Limitations of the study

Even though DCE is a powerful tool with high positive predictive value to predict real-life choices, a hypothetical bias could also affect the estimates. The study used a hypothetical scenario to estimate the population's stated preference, which might not be similar to the actual choice behaviour [64].

Conclusions

The graduate medical students prefer a rural job with a high salary, superior housing, lesser year of commitment before study leave. In addition, respondents prefer the rural health facility to have supportive management, a normal workload, and fully available drug and medical equipment as per the standard. Moreover, medical students have preferences heterogeneity for the attributes. Therefore, policymakers should consider the medical students preference and preference heterogeneity to incentivize medical professionals to work in rural settings.

Availability of data and materials

The datasets used and/or analyzed during the current study are available from the corresponding author on a reasonable request.

Abbreviations

BDU:

Bahir-Dar University

DCE:

Discrete Choice Experiment

DTU:

Debre Tabor University

FMoH:

Federal Ministry of Health

GPs:

General Practitioners

HRH:

Human Resources for Health

HSTP:

Health Sector Transformation Plan

LMICs:

Low- and Middle-Income Countries

MIXL:

Mixed Logit-model

NGOs:

Non-Governmental Organizations

OMEPs:

Orthogonal Main Effects Plans

UOG:

University of Gondar

WHO:

World Health Organization

WTA:

Willingness to accept

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Acknowledgements

The authors would like to thank instructors at the Institute of Public Health for their support in this research project. The authors would like to thank those who participated in data collection and supervision activities.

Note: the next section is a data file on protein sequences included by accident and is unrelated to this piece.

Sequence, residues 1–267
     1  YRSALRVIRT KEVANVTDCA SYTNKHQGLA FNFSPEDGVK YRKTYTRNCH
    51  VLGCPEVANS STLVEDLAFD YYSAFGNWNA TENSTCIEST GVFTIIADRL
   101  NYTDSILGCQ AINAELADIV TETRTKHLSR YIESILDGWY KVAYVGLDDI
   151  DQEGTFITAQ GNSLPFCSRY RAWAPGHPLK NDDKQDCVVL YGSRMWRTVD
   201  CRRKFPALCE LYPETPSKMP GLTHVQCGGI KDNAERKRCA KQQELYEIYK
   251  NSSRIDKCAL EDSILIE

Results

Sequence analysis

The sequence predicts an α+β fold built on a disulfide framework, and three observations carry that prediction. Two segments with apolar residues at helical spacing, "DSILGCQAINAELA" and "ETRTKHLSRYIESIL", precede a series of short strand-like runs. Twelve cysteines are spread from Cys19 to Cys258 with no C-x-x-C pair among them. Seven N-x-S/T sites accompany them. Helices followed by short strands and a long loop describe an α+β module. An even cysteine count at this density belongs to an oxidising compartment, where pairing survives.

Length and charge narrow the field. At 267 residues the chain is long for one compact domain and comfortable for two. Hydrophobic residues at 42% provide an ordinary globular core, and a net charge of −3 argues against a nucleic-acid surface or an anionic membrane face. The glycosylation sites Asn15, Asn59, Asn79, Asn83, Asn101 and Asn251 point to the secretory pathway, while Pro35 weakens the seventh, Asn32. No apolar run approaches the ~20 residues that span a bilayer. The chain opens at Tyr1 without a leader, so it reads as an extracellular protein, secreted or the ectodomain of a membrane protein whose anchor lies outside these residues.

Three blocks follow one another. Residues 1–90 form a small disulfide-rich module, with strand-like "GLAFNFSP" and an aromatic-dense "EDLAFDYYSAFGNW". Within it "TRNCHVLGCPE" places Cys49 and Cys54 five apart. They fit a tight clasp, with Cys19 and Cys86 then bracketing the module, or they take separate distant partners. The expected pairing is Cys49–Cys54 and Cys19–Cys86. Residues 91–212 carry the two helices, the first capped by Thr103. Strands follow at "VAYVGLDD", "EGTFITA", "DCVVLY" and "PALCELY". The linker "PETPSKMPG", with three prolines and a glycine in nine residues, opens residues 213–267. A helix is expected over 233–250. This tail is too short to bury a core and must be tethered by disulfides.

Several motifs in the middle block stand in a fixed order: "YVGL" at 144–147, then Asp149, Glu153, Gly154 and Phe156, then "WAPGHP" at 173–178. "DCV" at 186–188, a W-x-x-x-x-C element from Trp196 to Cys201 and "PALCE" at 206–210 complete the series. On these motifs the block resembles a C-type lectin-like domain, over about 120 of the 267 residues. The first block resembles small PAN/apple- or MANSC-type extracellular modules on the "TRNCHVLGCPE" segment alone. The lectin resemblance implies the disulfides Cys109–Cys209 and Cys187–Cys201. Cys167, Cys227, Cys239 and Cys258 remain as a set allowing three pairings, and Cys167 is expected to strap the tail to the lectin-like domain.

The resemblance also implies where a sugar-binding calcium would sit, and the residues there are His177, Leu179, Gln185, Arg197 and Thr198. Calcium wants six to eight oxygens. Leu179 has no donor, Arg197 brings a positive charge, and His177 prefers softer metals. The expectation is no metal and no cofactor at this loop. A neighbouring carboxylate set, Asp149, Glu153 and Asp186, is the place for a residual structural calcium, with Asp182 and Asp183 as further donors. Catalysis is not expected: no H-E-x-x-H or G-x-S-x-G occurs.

Funding

This research was funded by the University of Gondar. However, the University of Gondar has no role in the manuscript preparation, and publication.

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Contributions

M.E.: Conceptualization, Methodology, Validation, Formal analysis, Investigation, Writing – Original Draft, Visualization. M.B.A.: Formal analysis, Writing – Original Draft, Manuscript preparation, Visualization. G.A.M.: Conceptualization, Methodology, Validation, Formal analysis, Investigation, Writing – Original Draft, Visualization, Supervision. M.Y.M.: Conceptualization, Methodology, Validation, Investigation, Writing – Original Draft, Visualization, Supervision. All authors read and approved the manuscript.

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Correspondence to Melaku Birhanu Alemu.

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Ethical clearance was obtained from the institute of public health, University of Gondar (Ref No/IPH/1525/2013). Written informed consent was obtained from each study participant after a clear explanation about the purpose of the study, the importance of their participation, and the true response. All participants were told their right not to participate or interrupt at any time if they wish. Confidentiality of the information was assured by not collecting personal identifiers and by maintaining the privacy of the questionnaire filled by the respondents. This study was conducted with the guideline of the Helsinki Declaration.

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Engidaw, M., Alemu, M.B., Muche, G.A. et al. Rural job preferences of graduate class medical students in Ethiopia—a discrete choice experiment (DCE). BMC Med Educ 23, 155 (2023). https://doi.org/10.1186/s12909-023-04133-3